So another thing that improves, increases cognitive efficiency is of course mobile phones and the Internet. There’s no excuse not to know anything anymore. This allows us to look up anything, anywhere, at any time.
In addition to extending and expanding our knowledge, mobile phones also serve as an external memory storage for things like our thoughts, ideas, the people we know, our friends’ birthdays. So let’s talk about physical enhancement.
In 2016 we have surgery, orthodontics, corrective lenses, medical devices in general that can improve both cause cosmetic and corrective procedures. One example is vision correction, which is very near and dear to me. I’m basically legally blind without my contacts or glasses.
But in addition to corrections, some people are taking this a step further. Some people are going above and beyond to get beyond perfect vision. For example, Mark McGwire – who also used performance-enhancing drugs to score 70 home runs, which is a record in 1988 – also had custom designed contact lenses to improve his vision, which could definitely make a difference when a fastball is coming at you at 95 miles an hour.
Tiger Woods and other golfers – I think dozens of golfers now do this, but I think he kind of was the first one to lead the charge – lost 16 straight tournaments before getting laser eye surgery. But after upgrading his vision, he won seven of the next ten tournaments.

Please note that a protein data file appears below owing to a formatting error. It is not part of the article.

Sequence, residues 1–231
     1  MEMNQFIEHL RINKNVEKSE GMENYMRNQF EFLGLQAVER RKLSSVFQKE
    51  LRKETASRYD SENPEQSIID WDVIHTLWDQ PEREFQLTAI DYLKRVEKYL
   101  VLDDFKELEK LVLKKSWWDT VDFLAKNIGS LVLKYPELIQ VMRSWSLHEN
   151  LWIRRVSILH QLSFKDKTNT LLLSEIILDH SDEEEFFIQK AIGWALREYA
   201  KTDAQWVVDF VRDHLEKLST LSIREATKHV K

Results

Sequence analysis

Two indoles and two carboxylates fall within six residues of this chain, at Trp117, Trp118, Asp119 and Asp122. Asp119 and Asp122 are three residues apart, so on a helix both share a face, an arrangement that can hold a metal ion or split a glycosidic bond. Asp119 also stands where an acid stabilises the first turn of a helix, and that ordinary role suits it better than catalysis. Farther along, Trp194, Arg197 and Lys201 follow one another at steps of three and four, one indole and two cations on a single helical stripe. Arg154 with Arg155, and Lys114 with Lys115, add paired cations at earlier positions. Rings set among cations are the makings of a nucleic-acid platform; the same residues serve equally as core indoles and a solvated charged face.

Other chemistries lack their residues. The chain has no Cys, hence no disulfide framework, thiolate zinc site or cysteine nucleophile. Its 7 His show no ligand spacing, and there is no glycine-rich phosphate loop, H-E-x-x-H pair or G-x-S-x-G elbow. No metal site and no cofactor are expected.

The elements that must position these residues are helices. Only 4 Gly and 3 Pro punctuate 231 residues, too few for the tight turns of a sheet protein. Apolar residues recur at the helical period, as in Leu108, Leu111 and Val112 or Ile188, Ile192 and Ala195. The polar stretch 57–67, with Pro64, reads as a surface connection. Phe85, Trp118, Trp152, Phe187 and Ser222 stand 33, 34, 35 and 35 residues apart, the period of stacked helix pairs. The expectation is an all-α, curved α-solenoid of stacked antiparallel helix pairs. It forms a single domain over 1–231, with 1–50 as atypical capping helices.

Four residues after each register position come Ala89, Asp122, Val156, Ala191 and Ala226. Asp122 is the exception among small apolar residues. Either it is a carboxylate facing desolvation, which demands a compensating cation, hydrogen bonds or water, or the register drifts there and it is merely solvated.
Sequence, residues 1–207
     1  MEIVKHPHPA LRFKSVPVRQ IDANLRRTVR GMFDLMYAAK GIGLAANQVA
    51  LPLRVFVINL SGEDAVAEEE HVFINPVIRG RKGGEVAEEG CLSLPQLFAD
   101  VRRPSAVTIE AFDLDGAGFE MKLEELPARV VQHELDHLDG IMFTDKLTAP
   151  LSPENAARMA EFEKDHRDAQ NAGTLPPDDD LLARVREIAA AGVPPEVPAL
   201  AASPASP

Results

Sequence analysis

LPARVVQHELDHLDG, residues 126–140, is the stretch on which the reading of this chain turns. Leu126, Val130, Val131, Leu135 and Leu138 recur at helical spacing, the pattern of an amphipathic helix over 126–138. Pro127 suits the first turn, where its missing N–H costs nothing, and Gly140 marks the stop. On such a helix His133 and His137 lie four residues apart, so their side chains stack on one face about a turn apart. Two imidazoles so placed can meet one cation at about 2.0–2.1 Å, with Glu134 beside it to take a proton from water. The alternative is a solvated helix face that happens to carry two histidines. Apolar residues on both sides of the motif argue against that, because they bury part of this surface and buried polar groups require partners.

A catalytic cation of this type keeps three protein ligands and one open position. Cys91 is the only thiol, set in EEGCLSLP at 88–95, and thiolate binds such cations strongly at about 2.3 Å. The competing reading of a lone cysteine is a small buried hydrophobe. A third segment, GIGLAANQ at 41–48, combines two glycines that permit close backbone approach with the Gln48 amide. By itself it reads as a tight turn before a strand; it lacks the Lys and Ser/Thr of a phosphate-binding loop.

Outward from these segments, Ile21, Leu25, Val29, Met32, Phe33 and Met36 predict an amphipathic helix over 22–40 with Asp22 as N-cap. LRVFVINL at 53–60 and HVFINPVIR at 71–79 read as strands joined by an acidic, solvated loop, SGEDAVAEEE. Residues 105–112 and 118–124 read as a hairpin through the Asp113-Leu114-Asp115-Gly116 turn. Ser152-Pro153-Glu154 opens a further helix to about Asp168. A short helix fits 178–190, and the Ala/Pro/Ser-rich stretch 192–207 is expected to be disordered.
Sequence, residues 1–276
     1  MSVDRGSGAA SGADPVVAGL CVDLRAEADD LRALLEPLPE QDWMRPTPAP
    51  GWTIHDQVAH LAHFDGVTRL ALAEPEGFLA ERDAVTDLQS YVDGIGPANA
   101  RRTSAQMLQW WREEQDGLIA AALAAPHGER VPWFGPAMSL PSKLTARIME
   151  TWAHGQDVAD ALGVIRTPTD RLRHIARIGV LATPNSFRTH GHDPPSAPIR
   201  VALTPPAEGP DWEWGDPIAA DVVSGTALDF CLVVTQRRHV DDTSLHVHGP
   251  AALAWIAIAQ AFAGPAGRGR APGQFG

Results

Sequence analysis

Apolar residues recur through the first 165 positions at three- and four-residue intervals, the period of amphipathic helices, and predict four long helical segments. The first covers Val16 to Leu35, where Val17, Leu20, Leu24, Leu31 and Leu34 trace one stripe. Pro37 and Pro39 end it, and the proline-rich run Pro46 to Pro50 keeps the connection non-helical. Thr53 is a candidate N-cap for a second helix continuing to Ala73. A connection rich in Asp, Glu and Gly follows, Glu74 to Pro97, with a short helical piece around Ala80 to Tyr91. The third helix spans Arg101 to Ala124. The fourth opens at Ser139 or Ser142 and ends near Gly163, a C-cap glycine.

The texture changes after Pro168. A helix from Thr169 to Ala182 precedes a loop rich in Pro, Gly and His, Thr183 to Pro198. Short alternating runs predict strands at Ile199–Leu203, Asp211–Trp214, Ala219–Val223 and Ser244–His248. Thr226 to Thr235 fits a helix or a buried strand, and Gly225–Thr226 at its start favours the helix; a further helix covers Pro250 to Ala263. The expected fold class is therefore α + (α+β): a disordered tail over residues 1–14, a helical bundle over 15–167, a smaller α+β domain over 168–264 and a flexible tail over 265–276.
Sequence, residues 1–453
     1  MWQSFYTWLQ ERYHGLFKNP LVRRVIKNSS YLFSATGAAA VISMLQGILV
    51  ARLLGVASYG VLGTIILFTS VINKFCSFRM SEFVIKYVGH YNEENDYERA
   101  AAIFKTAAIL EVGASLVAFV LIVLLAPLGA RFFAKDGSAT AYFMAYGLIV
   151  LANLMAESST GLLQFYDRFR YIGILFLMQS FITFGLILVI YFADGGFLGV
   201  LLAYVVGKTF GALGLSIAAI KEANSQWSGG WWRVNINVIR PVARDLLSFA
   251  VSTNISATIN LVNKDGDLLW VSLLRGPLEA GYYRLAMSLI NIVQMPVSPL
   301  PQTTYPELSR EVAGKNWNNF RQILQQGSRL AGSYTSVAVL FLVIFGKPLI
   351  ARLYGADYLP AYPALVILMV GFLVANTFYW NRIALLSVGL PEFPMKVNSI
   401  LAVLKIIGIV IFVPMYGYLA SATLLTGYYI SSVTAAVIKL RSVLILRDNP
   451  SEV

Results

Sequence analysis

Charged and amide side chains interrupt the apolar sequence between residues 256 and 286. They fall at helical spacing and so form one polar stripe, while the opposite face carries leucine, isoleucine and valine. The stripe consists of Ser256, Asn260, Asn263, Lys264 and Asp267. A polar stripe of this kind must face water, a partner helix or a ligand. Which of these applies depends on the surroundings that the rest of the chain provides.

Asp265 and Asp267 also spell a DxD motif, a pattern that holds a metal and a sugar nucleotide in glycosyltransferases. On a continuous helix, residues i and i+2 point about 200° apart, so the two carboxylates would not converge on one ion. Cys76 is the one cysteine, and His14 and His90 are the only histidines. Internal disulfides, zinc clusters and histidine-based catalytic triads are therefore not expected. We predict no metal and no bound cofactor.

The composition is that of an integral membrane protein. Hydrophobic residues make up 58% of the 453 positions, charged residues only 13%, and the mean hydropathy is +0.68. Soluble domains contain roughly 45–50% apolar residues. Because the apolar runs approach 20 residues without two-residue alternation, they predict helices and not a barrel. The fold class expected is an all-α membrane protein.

So the people are already, you know, doing these procedures not just for corrective purposes, but to enhance beyond perfect. And I think we’ll just see more and more of that. And you know, the question of whether or not this is cheating, I feel will definitely come up in the future. And in what context it’s cheating. How far beyond perfect can one go?
We also have artificial limbs and organs, of course, for people who’ve gone through injuries or diseases. Jared Fields is a US Army sergeant, won a gold medal for the hundred meters in a 12.15 second time. Usain Bolt obviously ran it in 9.58 seconds, but there are questions here, as the technology gets better and better you know, we might break the human limit if you have prosthetic limbs. The natural human limit of course.